Decorate your home for the holiday season

Jessica  Rodrigo By Jessica Rodrigo

Sept. 26, 2012 at 4:26 a.m.

It seems every year around Labor Day, there is never enough time to prepare for the end-of-year festivities.

School is back in session. Halloween is around the bend. Thanksgiving soon afterward. Christmas with the in-laws. And ringing in the New Year.

Begin jotting down lists now and plan for gatherings with friends, socializing with neighbors and reunions with family. If you're opening your home to everyone this holiday season, it's best to start off right.

Interior designer Charlotte McFadin, with Lyndon West, shared some advice to make designing a living space for the holiday season as seamless as possible.

When hosting events at home, try to focus on places where guests will spend their time. Socializing might take place in a living room or in a kitchen with a bar. These areas can be jazzed up with simple items to larger centerpieces.

"Throw pillows on a sofa or accessories on a cocktail table can be easily switched from Thanksgiving to Christmas in a snap," she said.

If people are dining at a large table, she said, consider using a piece on the table for each celebration that is eye catching but changeable between holidays. Other options include larger items from rugs to prominent wall art.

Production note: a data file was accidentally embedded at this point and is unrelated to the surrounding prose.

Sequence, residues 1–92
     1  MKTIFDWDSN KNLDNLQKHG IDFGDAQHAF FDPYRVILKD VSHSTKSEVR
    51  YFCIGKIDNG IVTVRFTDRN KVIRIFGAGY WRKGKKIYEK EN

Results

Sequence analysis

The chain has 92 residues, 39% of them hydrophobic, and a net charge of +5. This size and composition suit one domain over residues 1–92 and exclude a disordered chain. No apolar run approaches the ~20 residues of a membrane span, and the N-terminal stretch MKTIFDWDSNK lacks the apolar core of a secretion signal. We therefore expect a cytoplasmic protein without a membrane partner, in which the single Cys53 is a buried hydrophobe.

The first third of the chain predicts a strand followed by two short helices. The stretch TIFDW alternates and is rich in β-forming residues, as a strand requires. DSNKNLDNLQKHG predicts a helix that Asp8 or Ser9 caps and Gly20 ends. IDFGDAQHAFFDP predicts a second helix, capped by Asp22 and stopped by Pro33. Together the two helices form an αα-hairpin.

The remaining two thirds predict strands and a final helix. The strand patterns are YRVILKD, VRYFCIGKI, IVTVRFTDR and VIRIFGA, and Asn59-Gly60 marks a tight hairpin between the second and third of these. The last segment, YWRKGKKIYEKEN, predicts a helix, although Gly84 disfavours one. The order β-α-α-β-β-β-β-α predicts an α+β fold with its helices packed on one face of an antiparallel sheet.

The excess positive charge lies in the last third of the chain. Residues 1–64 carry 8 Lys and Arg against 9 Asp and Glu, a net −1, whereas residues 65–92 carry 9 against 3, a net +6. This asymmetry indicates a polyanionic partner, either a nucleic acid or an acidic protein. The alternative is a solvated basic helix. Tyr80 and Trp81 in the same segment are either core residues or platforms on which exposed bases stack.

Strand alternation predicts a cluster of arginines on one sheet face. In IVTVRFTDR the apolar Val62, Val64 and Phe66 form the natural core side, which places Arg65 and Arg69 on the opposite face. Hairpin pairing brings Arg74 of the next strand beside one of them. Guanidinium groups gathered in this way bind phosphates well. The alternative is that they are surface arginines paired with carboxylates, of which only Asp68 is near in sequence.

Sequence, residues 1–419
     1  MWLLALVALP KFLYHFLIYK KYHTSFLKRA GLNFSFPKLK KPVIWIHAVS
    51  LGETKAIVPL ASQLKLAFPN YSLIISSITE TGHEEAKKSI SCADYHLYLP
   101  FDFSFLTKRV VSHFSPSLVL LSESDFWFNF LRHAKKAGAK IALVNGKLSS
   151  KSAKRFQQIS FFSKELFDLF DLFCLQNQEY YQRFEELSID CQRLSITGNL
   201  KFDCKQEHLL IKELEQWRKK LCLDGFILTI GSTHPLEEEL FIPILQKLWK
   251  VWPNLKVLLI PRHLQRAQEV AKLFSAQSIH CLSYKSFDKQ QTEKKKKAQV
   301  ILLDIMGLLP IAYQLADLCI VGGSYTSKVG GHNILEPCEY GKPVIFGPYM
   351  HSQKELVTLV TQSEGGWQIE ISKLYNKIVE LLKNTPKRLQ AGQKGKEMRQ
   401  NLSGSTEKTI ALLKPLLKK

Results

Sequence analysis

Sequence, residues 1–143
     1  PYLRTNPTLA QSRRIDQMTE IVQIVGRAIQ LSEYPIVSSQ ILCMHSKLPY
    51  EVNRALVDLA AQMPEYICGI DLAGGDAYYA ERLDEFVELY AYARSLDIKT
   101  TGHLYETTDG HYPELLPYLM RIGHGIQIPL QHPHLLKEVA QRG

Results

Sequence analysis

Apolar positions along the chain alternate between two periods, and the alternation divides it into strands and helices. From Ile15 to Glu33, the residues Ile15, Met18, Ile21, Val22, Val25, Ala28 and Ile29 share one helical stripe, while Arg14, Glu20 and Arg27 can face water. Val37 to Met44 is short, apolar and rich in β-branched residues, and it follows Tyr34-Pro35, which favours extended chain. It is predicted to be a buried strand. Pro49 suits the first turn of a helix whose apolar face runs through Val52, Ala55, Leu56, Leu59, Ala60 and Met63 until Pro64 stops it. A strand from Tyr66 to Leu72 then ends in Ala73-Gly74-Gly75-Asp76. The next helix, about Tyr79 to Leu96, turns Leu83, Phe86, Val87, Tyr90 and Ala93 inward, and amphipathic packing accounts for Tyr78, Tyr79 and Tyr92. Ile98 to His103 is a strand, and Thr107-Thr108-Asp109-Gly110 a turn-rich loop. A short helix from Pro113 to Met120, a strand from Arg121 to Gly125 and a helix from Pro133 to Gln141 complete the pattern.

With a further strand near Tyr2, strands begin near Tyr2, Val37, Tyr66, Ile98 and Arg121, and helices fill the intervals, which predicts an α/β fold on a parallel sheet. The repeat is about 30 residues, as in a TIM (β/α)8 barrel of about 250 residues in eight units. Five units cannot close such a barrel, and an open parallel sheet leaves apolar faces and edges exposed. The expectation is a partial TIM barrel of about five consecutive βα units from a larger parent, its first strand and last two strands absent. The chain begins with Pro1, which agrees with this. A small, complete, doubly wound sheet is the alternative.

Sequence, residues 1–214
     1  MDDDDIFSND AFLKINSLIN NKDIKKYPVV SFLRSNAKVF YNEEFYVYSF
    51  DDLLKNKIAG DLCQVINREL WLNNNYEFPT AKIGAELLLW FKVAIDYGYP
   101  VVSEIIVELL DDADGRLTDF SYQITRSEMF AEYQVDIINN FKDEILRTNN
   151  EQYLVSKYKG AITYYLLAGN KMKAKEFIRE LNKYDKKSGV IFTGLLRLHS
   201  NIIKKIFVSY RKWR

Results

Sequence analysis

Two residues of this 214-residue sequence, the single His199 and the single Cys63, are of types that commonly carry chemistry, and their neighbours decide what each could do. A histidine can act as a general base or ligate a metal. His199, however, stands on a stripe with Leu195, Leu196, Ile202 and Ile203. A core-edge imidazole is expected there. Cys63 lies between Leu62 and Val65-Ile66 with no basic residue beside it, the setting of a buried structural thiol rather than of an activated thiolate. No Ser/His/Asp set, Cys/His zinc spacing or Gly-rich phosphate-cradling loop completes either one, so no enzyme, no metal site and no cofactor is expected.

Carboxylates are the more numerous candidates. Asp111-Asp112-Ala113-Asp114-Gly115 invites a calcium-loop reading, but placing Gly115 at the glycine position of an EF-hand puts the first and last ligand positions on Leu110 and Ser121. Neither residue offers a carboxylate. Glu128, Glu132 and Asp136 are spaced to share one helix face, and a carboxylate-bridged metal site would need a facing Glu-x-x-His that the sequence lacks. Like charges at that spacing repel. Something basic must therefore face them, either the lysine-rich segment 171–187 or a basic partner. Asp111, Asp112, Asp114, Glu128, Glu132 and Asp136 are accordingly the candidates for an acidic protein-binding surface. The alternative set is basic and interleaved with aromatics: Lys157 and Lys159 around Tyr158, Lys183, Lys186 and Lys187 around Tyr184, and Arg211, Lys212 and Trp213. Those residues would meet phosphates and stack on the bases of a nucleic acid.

Another thing to remember is to keep the decor of the house simple. This will make it easier for holiday decor to match the overall look of the home, she added.

McFadin said resources for inspiration have become easier to find with the Internet and popular content sharing services including Pinterest, books and magazines. But first and foremost, when presented with a new design challenge, she starts with the client.

"I need to have an understanding of their daily living and lifestyle," she said.

Knowing what a space is used for and maintaining the functionality is important to finding something that will work. This season, silver and white decor items are making their way into homes, including candle holders and vases.

"We are seeing a shift of poly-resin, acrylic decor, to a more glitzy/warm feel with glass, glitter, wood and woven material," she said.

Instead of finding new decorations each year, she advised looking for items that can be used more than once. Shop for heirloom collections, which can be handed down from generation to generation.

With more than 20 years of experience, McFadin said the most common mistake she sees from homeowners is they try to use too many smaller-sized items rather than a collection of various-sized items.

Using larger pieces will also minimize the cleanup after the holidays have come and gone.



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